Students work in

Emily Dalnodar

Joking about getting suckered into hard labor, several University students spent Monday afternoon planting trees in the hot sun.
Members of the Student Society of Arboriculture bedded four more trees outside of Green Hall on the St. Paul campus as part of their Arbor Month project.
The initiative began earlier this year when the group received a grant from Foster-Wheeler to purchase 24 trees. A federally funded trust provided the trees and students planted the first and only tree April 24, Arbor Day.
Monday’s effort put three white spruce conifers and one leafy ironwood in the ground.
Several students and passing professors helped dig holes, transport sod and mulch and plant the trees.
“I don’t know why we volunteered for work,” said Ben Johnson, a College of Natural Resources senior and former president of the group. He and other students joked about their efforts, but conceded that the rewards of a greener campus outweighed their laborious efforts.
“It’s really nice to see the student involvement,” said Carl Vogt, an extension forestry professor who passed by to admire the work. “It’s a super project that’s long overdue, and the students have shown great initiative.”
The group plans to reconnect the wooded area from where Buford Circle and Buford Avenue meet up to Green Hall, a block away. The group, headed by forestry professor Gary Johnson, will use native foliage to re-establish a natural woods setting.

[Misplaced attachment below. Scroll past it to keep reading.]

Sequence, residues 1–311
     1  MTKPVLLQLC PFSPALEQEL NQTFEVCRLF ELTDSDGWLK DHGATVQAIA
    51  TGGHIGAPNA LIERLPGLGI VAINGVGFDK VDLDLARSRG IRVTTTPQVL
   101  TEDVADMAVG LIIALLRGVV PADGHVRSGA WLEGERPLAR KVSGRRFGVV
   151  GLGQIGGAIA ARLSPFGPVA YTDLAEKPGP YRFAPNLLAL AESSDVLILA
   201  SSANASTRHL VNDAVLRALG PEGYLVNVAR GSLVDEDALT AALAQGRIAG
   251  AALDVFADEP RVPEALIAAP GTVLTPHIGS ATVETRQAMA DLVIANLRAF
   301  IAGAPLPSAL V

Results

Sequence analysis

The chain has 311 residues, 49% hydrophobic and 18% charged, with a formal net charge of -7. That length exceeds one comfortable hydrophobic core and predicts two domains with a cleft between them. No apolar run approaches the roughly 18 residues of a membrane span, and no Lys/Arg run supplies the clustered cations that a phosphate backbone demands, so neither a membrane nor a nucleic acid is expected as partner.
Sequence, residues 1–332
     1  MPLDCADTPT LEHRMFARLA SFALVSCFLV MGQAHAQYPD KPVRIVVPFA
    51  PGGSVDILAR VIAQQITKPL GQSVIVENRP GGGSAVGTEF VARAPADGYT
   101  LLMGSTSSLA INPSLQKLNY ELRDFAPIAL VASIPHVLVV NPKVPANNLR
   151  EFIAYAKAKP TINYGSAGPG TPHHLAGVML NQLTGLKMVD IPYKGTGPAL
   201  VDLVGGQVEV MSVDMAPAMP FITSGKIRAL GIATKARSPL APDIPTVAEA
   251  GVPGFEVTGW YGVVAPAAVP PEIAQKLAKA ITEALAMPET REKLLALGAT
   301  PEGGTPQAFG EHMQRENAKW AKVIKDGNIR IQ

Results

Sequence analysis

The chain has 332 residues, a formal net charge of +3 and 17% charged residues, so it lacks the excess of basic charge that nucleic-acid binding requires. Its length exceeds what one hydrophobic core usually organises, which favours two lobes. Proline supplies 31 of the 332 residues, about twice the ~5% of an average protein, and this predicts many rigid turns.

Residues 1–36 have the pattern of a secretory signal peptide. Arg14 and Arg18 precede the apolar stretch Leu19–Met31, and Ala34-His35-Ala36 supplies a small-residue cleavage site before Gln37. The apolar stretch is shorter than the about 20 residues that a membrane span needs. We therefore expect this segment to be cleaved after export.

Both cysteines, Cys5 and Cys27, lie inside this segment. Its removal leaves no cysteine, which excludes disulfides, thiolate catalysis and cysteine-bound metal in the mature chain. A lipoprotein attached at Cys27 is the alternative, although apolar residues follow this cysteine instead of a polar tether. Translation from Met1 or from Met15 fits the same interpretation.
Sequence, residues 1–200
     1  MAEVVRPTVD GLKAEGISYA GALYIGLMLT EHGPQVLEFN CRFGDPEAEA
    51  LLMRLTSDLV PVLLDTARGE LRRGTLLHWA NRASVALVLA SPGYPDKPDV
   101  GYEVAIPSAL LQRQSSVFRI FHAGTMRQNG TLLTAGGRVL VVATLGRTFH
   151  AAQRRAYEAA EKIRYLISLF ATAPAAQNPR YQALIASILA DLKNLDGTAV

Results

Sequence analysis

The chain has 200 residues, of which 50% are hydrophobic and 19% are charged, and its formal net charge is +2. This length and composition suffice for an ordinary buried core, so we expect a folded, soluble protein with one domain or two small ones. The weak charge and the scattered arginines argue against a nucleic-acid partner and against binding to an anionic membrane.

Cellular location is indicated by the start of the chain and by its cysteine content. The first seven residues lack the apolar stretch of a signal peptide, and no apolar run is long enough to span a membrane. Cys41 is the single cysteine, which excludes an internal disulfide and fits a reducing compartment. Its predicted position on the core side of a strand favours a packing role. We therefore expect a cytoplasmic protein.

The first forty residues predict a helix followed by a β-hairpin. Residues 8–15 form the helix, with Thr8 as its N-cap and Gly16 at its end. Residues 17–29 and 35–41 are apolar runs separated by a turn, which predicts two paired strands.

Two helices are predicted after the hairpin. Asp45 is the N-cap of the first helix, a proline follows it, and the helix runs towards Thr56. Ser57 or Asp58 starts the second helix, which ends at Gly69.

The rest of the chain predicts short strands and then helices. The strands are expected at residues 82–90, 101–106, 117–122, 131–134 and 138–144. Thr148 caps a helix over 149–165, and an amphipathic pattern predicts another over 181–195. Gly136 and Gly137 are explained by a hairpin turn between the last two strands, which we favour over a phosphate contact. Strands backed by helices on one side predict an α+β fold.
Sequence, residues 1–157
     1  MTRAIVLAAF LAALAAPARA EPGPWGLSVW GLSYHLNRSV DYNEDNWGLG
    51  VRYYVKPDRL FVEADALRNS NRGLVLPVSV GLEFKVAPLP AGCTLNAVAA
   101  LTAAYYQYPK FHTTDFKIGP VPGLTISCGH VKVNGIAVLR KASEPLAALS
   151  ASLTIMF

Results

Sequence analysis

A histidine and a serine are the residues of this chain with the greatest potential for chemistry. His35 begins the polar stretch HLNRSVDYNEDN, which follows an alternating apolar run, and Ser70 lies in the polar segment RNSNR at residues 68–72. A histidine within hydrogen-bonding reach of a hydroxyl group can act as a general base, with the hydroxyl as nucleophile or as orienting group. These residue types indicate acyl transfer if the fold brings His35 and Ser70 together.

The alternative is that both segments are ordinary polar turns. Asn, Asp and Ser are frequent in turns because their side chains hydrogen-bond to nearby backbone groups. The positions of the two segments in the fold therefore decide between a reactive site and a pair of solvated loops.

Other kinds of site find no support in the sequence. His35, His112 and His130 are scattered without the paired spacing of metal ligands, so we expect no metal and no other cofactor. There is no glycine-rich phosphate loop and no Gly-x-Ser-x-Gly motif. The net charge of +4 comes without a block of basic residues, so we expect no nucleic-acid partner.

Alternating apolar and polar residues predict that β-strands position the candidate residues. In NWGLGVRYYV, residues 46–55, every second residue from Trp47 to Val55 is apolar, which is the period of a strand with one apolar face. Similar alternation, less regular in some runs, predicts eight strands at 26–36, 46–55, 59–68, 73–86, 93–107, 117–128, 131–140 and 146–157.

The three white spruce will take the place of a large existing spruce nearby. The tree weakened after a 1988 summer drought and never fully recovered, Johnson said. Its health has since worsened and Facilities Management officials plan to cut it down soon.
Students and the University Grounds Crew will care for the trees during a predicted dry summer by watering and pruning them.
Trees arrived on campus Friday and need constant watering until they are in the ground, so the sooner they are planted the better, Johnson said.
But the project is far from complete after Monday. Students volunteered to finish the planting Wednesday and Thursday. The entire process, from digging to surrounding the new tree with mulch and water, takes about an hour of work for two people per tree.
Monday’s volunteer turnout was a hair shy of a full crew of 10 students, Johnson said. He said he hopes more students will turn out later in the week to complete the objectives.
“I will possibly help out every day,” said Russell Kennedy, a forest resources major.
If the project is a success, the group will apply for another grant next year to continue its work.